A mum who faked having terminal cancer to con well-wishers into parting with thousands of pounds in donations has been spared immediate prison.
Derbyshire Live reports that a judge told Megan Scotcher, of Ripley, her shameful ruse was “a terrible lie”.
Nottingham Crown Court was told how between June and December last year the 28-year-old accepted what was believed to initially be £22,000 in charitable donations.
Her sentencing hearing has now been told that was just over £16,000, with one person even taking part in a 1,000-km cycle ride to raise cash for her and her two young sons.
Judge Steven Coupland, handing her a 10-month jail sentence, suspended for a year, said: “You lied about having terminal cancer to steal charitable donations.
“You told a terrible lie to your family and friends.
“They are the headlines, but I have read a lot about you.
“You were trapped and things snowballed.
“What you did was serious and caused a great deal of upset to family, friends and people who generously contributed and who feel taken advantage of.
“The probation service assesses you as somebody who presents a low risk of reoffending and I agree with that.”
Gurdial Singh, prosecuting, said the defendant was diagnosed with cancer as a teenager, but went into remission.
He said last year she told her family it had come back and was terminal.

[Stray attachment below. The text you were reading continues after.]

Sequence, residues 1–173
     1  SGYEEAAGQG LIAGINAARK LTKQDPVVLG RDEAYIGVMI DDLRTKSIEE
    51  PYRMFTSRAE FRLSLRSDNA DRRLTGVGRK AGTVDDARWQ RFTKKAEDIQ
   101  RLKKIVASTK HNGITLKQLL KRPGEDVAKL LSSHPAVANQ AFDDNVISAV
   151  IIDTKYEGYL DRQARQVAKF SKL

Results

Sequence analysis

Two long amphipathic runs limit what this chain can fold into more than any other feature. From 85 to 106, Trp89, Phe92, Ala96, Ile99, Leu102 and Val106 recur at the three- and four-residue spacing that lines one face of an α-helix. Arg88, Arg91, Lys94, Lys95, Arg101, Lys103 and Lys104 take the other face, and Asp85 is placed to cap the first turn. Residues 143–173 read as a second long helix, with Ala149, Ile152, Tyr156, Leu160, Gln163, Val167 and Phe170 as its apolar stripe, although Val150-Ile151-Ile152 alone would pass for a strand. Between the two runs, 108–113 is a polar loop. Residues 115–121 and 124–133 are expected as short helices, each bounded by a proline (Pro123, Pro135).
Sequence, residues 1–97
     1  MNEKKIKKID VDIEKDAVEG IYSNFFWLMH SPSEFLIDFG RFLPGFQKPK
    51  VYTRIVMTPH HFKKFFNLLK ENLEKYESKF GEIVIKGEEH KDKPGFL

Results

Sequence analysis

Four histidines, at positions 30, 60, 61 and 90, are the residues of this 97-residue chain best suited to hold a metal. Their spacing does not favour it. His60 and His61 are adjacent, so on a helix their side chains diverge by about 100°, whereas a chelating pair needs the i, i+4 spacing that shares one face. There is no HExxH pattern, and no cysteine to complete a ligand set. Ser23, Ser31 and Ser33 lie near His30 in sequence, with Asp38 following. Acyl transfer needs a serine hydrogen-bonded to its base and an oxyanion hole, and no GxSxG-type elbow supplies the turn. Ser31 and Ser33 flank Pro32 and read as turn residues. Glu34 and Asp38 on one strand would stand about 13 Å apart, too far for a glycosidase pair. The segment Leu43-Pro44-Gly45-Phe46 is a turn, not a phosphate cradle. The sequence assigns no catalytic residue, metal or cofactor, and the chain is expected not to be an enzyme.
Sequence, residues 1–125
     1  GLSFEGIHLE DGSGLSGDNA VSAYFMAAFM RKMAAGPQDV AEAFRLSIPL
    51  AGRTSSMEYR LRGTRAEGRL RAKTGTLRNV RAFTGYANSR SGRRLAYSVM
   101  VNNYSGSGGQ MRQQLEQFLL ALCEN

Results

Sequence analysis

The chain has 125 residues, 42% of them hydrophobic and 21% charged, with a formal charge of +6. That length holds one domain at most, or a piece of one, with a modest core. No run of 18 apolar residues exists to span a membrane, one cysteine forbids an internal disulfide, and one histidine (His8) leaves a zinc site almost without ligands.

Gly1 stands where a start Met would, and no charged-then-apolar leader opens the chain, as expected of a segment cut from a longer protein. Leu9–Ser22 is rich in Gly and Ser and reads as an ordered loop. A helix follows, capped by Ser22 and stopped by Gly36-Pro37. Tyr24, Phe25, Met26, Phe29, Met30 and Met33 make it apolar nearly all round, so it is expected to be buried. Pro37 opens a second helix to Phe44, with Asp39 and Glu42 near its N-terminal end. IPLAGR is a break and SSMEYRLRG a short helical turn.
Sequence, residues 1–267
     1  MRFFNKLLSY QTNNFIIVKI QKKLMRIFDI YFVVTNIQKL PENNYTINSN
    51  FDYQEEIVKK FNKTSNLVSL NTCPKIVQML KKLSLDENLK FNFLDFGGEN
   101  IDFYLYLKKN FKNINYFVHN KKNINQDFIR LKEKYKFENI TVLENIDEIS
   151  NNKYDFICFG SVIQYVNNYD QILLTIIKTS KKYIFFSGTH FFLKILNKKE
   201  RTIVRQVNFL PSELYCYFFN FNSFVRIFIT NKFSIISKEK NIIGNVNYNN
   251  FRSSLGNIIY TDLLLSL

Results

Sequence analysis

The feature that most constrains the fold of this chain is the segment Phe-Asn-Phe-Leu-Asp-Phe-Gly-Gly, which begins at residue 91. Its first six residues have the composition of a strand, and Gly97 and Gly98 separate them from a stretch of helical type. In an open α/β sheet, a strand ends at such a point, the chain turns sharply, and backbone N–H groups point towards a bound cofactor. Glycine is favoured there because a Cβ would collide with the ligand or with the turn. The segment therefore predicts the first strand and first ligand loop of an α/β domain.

Mr Singh said: “A GoFundMe page was set up and there was publicity in the Derby Telegraph and then The Sun newspaper about her plight.
“One mother, who knew her as hers and the defendant’s two sons went to school, together also raised £2,315.
“In October of last year, the defendant told her mother she had a mass on her brain and would only live until January.
“But her mother became suspicious as her daughter made her wait outside hospital appointments she had taken to saying she could not come in because of Covid-19.
“The mother then tried to contact an oncologist but one didn’t exist.”
Mr Singh said Scotcher, now a mother of three having given birth to a daughter just two months ago, then attempted to take her own life.
Scotcher, of Kirk Close and who has no previous convictions of any kind, previously pleaded guilty to fraud over video link at a hearing at the same court on June 3.
She told police she had got into debt with an ex-partner.
James Horne, mitigating, said his client’s case has attracted a large deal of press attention both locally and nationally.
He said: “This case is both shocking and tragic in equal measure (but) her behaviour can be properly categorised as sad rather than bad.
“Her real criminal mistake was not telling the truth when it came out. That’s the reality.”
As part of the suspended sentence Scotcher was also ordered to carry out 100 hours unpaid work.
He also ordered her to pay back a nominal £1 from her ill-gotten gains as she has no money or assets.